Theoni Koufonikolakou, Deputy Ombudswoman for Children’s Rights and the former elected Chair of the European Network of Ombudpersons for Children (ENOC) ,answers the Migratory Birds’ questions regarding the rights of the child, but also the improvement of the child’s position in society.
What is the biggest challenge you have faced so far in your career?
I feel that the state and society do not give the value they should to childhood and this makes our work very difficult. It seems that the “adult world” cannot easily understand the anxieties and perspective of children and still treats them as passive objects of protection instead of subjects of rights.
We may have grown up forgetting what it was like for us to be told “don’t talk”, but we must not overlook that children have their own opinion and expression and that taking them into account is extremely important for our present and future.
Do you think that society has enough information about the rights of the child and what steps can be taken to improve citizens’ information about it?
No, there is insufficient information and many of our fellow citizens are unaware of the basic principles of the Convention as well as the existence of the Children’s Advocate (!).
In addition, we often confuse awareness with simple information. However, simple information is not enough. Humans—children and adults—learn most through discussion and recounting of experience on a practical level.
Therefore for us the first priority is the empowerment of the children themselves through a lesson on rights that will be taught in schools from the first grades to the last but not in the “traditional way”. Rights education should encourage dialogue, relationships and imagination and inspire a sense of confidence in students. And parents can become part of this valuable process, through parenting schools close to the school community. In schools too, we want to see strong student communities and children who participate, listen and be heard in order to give the message of respect and participation in practice.
Professionals in the field (e.g. teachers) have an important role in raising awareness of children’s rights, who must be trained systematically to make sure that we start from a common understanding and starting point.
Municipalities can also, through local initiatives (eg children’s councils) and actions, play an important role in raising awareness of children’s rights.
Would you say that important steps have been taken to defend the rights of the child in our country? Are the articles of the Convention on the Rights of the Child respected to a satisfactory extent?
Important steps have been taken, but unfortunately they are not enough. We still find violations of children’s rights at many levels. Particular problems are recorded in their protection from discrimination and poverty. We also observe significant obstacles in the access of all children to education, as well as in their inclusion in everyday school life, given that our schools are not inclusive enough.
We have found serious violations regarding support from health services, especially mental health services, protection from abuse, contact with parents, listening to their opinion which is often overlooked, etc.
If you could suggest adding one more article to the Convention on the Rights of the Child, what would it be?
I think that the Convention does not need more articles but more implementation. As a legal text it is complete and its articles have something “magical” about them; their interpretation evolves over the years. That is, as the world progresses, science and technology, other aspects are added to the rights. Access to wifi for example can nowadays be considered part of the exercise of children’s right to education, information, socialization and even expression of opinion.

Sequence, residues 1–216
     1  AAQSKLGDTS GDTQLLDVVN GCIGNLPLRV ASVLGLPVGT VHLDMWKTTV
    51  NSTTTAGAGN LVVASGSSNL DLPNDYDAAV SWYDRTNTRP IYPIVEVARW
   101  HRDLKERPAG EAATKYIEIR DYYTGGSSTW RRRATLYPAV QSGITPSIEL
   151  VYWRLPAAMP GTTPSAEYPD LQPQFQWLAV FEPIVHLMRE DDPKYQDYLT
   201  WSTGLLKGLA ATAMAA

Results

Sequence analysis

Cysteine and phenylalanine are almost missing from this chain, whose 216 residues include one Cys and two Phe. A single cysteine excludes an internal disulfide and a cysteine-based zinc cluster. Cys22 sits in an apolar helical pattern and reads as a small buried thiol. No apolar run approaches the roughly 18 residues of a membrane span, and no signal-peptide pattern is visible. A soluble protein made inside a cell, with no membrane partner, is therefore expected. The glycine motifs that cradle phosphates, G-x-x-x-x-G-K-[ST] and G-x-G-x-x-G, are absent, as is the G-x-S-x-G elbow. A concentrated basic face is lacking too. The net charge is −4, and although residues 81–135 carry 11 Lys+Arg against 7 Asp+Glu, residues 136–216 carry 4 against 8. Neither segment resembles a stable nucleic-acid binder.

I am a child and I feel that my rights are being violated, where should I turn first? Who can guarantee me that “my voice will be heard”?
You can talk to the Children’s Advocate (8001132000) or send us a message ([email protected]) about anything that concerns you. Our obligation is to explain if there is any right that is being violated and in cooperation with you to choose the best way to solve the problem. We may need to talk to parents or the school or other agencies to make sure that any child who confides a violation to us is properly ‘heard’. If the child is abused or his life and health are at risk, we are obliged and obliged to cooperate with the competent authorities to ensure his protection.
When does parental protection end and when does the violation of the child’s right begin? In other words, when can we say that the parent violates the child’s right?
There are obvious cases of violations such as in the case of corporal punishment (ie when the parent hits the child “to learn”) or other forms of abuse and exploitation. These are traumatic behaviors towards the child, they seriously damage their development and must be reported immediately.
However, there are other cases in which the violation of rights is related to the dominant culture towards children. Violations of this nature are observed in parents who, instead of saying “I have a child and I want to see him develop his gifts, respect and personality”, say “I have a child, he is mine and I do whatever I want…” . This mentality has many ramifications in the rights of the child which touch on the right to his opinion, to socialization, free expression etc. These perceptions are related to personal experiences of the parent or to his own childhood. This means that we need to help parents who push or neglect their children to find the right balance, that is, to give them the right supplies first, to support them. All abuse issues need discussion and cooperation with the family. The problem, however, is that we do not have enough services and professionals to do this as and when it should.